In preparation for Black Swan, was asked to "get as small as possible" by losing 20 pounds. She also trained in dance, reportedly for up to eight hours a day.

Bill Skarsgård in 'It.'

Bill Skarsgard as Pennywise from 2017's It.
IMDb | New Line Cinema via IMDb

Skarsgård played the 2017 adaptation's main villain, It, who took the appearance of Pennywise the Clown. The actor compared his experience as Pennywise to a destructive relationship, also stating that it was a lot of fun to portray the monster.

But that doesn't mean it wasn't a burden.

Pennywise the Clown, as seen in the 2017 adaptation of It.
IMDb | New Line Cinema via IMDb

Skarsgård stated that after filming wrapped, he began having nightmares of the character: "It was in the shape of either me dealing with him, sort of Pennywise as a separate entity of me, and then also me as Pennywise in circumstances that I didn’t appreciate."

Isabelle Adjani in 'Possession.'

Isabelle Adjani in Possession.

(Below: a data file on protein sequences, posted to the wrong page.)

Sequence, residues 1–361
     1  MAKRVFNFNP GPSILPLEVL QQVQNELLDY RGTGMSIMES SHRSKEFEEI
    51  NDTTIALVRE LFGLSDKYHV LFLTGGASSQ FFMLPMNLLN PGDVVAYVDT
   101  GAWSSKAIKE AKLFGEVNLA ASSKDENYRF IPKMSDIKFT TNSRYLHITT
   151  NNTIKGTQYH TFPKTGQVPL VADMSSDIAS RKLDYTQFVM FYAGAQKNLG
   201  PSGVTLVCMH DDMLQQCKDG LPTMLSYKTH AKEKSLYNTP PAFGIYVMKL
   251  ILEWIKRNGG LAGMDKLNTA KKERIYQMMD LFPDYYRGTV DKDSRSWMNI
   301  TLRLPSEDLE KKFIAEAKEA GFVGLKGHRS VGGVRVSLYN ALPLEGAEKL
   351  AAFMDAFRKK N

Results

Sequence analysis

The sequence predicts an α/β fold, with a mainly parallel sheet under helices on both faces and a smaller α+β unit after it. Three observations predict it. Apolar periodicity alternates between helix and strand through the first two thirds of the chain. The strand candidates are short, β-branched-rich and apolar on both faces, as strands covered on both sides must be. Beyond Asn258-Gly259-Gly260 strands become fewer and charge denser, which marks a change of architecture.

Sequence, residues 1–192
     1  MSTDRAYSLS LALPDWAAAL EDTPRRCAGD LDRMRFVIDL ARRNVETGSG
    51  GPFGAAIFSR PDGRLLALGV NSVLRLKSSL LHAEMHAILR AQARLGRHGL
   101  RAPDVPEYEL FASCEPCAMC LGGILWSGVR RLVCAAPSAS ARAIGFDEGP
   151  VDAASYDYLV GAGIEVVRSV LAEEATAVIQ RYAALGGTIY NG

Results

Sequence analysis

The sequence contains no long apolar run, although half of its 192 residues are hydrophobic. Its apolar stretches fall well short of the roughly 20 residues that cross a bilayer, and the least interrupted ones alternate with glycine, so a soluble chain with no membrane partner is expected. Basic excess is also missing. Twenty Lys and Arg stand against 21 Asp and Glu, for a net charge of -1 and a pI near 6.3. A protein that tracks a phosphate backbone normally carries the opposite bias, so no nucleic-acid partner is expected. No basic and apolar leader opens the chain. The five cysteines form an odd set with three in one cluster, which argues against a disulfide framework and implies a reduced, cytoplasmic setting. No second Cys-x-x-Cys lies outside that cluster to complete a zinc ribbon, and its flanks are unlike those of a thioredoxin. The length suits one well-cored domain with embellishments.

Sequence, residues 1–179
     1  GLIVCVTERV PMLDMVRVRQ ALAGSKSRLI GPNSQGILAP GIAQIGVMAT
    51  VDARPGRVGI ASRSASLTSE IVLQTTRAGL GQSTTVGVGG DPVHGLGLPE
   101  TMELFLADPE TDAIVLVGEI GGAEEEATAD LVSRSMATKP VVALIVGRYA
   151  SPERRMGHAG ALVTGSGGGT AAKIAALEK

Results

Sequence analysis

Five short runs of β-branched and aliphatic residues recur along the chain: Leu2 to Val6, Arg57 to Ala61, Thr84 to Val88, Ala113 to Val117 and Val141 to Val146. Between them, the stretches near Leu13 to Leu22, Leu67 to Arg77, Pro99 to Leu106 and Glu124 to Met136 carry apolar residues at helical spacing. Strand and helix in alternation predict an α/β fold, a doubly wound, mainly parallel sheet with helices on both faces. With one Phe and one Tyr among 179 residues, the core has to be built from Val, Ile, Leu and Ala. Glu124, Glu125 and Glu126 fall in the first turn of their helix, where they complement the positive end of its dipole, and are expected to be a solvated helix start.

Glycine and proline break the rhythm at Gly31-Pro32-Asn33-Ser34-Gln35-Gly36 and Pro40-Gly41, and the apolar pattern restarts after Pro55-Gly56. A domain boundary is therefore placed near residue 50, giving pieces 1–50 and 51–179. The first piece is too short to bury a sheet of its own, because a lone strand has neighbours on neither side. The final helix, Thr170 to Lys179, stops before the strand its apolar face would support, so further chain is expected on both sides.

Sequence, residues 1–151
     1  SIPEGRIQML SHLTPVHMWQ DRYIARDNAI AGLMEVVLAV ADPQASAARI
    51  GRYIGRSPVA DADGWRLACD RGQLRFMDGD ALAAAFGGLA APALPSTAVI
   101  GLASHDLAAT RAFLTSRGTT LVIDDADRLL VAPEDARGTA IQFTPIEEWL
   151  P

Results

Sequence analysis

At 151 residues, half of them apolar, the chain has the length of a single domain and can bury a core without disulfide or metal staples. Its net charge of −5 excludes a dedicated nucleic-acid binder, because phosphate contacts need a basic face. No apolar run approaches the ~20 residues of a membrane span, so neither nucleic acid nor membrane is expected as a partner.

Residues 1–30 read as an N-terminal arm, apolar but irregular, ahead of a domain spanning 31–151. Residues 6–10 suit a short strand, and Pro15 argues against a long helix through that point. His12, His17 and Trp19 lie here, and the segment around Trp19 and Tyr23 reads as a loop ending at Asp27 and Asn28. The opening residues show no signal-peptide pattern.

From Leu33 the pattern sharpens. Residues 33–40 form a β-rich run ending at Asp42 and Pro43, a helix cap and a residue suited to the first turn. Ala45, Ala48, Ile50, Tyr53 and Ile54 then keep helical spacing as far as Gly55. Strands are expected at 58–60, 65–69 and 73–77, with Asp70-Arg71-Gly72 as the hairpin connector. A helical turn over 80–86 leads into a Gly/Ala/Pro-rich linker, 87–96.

IMDb | Gaumont via IMDb

Adjani reportedly suffered a lot of psychological trauma from her time on set for the 1981 film. Director Andrezej Zulawski alleged that Adjani was so disturbed after viewing a screening for the film, she attempted suicide.

She later stated that she would never take on a role like that again.

Isabelle Adjani in the 1981 film Possession.
IMDb | Gaumont via IMDb

"[Possession] was quite an amazing film to do, but I got bruised, inside out," she said. "It was exciting to do. It was no bones broken, but it was like, 'How or why did I do that?' I don't think any other actress ever did two films with [Zulawski]."

Sam Neill in 'Possession.'

Sam Neill in Possession.
IMDb | Gaumont via IMDb

While Neill wasn't subject to as much torment as Adjani during filming, the actor also recalled it being a pretty brutal filming experience. While filming the infamous subway scene, he recalled "I knew it was worth a lot of effort for [Adjani], both emotionally and physically, because it was cold there. It was unthinkable to repeat this scene endlessly."